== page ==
We moved my elderly parent in with us after relocating to a new state, thinking this was an ideal plan. It meant my parent wouldn’t have to be alone, and we could help out. Fast forward several months, and we are to the point that we want to help my parent find a new place. This parent refuses to do anything to help out unless specifically asked, and when confronted about the issues, excuses are made. I feel like I’m running an assisted living facility. We have 3 kids to take care of and their grandparent refuses to lift a finger. We provide all groceries and everything else, including driving to appointments. My elderly parent is afraid to drive despite never having an accident.
We were all new to a situation, then found it impossible to continue.
In my case, 6 weeks about did me in.
It’s okay to hit “pause”, and reassess.
I loved her dearly, and considered her my best friend, but she no longer knew me.
She LOVED her residence, about 5 minutes from my home, and I visited everyday for 5 1/2 years, because I wanted to. She made friends, I made friends.
I would tell your parent that you made a mistake, in hindsight, and that the living arrangement is not working out for all involved, which is what's required when a housemate is taken in. It has nothing to do with love, either, and everything TO do with the need to take your home back and have more time to devote to your husband & children. My mother also decided she was 'afraid to drive' after my father became unable to, which forced a move to be closer to me and turned her into a totally dependent human being. That helps NOBODY, including her. What your elderly parent needs, in reality, is Assisted Living where they can BE totally dependent and where they don't need to drive; they pay for that privilege AND for the autonomy of having their own apartment w/o any cares or responsibilities in the world. Being a housemate is something else entirely; it DOES come with responsibilities your parent is unwilling to accept.
Others will come here and tell you how Horrible Assisted Living is, and how awful and ungrateful YOU are for even considering such an abomination for your elderly parent who gave you life & raised you. In reality, AL is a hotel for seniors where they get to play all day, socialize & have their meals served to them in style. Plus they get help from caregivers on an as-needed basis. Make no mistake; my folks have lived in AL since 2014 and have loved it. My uncle George is a multi-millionaire who lives in the same AL my folks lived in and he's 101 and can live anywhere on earth he'd like. So, anyone harping on that old violin hasn't a clue what they're even talking about!!
Help your parent find a new place to live where they can be happy and have others wait on them. Where they can get rides to appointments and their apartment cleaned, laundry done, meals served and not feel like they have to do anything at all in return.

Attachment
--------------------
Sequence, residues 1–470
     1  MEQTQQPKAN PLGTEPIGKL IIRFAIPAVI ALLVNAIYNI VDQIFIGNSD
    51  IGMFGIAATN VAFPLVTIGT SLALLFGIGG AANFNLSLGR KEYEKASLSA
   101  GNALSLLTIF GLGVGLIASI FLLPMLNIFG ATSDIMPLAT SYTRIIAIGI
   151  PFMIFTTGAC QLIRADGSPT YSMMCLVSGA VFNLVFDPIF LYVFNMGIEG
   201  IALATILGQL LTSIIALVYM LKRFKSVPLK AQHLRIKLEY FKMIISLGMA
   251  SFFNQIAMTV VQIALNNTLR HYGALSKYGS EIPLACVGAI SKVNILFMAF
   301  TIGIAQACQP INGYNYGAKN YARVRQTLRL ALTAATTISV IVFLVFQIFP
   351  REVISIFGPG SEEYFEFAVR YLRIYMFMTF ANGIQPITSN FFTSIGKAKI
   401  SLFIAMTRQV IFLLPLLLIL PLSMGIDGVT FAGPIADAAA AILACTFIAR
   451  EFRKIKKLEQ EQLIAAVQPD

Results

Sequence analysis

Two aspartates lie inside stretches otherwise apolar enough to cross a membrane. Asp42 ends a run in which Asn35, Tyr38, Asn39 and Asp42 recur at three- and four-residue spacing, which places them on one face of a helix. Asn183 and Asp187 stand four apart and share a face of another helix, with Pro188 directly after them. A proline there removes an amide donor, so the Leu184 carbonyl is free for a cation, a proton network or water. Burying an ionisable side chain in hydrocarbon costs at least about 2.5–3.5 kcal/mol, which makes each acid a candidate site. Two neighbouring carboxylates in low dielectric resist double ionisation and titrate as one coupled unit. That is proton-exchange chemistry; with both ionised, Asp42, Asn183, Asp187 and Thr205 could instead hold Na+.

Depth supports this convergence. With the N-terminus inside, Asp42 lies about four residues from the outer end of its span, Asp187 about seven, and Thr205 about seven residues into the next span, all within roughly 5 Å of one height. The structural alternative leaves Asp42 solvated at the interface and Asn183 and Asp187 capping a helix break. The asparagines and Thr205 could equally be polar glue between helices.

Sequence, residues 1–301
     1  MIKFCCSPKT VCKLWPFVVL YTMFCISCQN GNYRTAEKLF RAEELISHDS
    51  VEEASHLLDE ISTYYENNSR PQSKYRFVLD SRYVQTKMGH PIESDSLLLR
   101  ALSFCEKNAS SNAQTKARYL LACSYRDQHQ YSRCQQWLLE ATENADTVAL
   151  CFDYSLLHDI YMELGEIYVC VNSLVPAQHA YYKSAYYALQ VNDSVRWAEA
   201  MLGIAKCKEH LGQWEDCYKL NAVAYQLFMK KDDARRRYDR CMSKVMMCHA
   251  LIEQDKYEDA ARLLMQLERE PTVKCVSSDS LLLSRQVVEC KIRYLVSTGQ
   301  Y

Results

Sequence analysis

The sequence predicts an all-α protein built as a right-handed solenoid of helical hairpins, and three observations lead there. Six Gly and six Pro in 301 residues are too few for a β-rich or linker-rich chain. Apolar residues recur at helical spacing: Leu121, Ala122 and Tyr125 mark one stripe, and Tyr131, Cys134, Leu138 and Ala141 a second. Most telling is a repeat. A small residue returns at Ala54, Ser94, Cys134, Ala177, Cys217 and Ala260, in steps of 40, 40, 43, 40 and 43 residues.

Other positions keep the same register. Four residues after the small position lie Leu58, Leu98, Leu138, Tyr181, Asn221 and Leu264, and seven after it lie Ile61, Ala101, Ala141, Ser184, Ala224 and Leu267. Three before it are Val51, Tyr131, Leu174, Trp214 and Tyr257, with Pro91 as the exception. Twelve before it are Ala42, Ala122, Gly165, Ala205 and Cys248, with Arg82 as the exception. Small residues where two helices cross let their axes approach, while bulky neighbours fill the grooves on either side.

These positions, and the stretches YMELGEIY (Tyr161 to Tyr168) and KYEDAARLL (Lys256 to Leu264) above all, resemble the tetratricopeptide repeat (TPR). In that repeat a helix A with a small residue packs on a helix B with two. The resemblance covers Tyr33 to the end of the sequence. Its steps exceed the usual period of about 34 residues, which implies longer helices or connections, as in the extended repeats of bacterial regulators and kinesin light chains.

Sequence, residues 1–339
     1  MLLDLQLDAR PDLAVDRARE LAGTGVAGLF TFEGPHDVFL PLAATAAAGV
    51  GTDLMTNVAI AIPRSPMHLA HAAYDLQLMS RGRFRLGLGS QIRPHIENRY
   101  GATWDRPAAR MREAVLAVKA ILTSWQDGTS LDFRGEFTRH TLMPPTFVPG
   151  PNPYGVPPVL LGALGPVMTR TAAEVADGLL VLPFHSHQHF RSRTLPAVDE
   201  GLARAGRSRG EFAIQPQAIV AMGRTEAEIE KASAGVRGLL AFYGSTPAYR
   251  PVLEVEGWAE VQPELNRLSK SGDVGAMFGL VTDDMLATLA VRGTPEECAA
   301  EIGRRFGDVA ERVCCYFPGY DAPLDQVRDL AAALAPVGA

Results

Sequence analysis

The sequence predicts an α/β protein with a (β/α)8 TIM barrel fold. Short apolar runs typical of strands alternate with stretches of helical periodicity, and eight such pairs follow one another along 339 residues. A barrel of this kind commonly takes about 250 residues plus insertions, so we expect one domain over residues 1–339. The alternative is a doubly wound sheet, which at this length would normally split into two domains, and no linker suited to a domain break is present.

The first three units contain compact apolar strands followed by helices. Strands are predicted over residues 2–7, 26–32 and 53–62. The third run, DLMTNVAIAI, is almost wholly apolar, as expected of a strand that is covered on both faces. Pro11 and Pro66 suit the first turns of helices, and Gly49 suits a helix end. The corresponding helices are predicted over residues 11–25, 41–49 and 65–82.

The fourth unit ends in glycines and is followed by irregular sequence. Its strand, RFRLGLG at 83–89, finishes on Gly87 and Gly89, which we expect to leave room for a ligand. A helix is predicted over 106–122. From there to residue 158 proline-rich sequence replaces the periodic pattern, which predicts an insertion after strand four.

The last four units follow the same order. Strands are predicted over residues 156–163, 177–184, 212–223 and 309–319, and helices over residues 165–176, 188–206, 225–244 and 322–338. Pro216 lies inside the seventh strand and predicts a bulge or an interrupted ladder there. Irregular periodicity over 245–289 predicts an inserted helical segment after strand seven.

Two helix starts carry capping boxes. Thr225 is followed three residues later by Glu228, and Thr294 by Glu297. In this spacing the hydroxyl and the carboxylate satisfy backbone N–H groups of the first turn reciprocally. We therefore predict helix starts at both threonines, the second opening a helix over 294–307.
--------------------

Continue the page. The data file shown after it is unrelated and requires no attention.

You are entitled to live YOUR life and your parent is entitled to live theirs.
Wishing you the best of luck making this move happen sooner rather than later.
If your current arrangement is not working, help find your parent an apartment or senior living facility. Do not base your decision on what other people think of you. If you make decisions for honest reasons, you will not feel the need to make excuses for them.
This is also the elder parent's new home, correct? An entirely different way of life from what the person is used to, with new routines, new meal patterns, a complete change from living alone to living as part of a small community. There are regular patterns, daily tasks and chores, the everyday timetable, shared kitchen/bathroom/living facilities, and the presence of five other people in the house. That's quite demanding in terms of adjustment, especially for an older person whose self-confidence and abilities are perhaps not what they were.
It isn't working out as you had - I don't know if expected is the right word, because perhaps you and parent didn't have any clear expectations, so let's go for hoped; and you're finding yourself overburdened and frustrated.
So two questions.
1. Have you discussed the possible alternatives with the parent? - i.e. have things come to a head to that extent?
2. What happened that brought you to the forum now, to write this post?
And one note: in general, the consensus of the forum is that it's best for older people to stop driving *before* they have an accident. We wouldn't often encourage someone who's lost confidence in his/her ability to pull him/herself together and get back behind the wheel. Do you live in a very remote location with no access to public transport or taxi services?
I assume you did what so many of us do: See this 'problem' and then think 'easy peasy, we just move them in, they can be helpful and what a cozy multigenerational family we'll have!'
A few months in, the glow has dissipated and you're essentially raising 4 'kids' and it's not working and you feel guilt--which, BTW, is NOT necessary.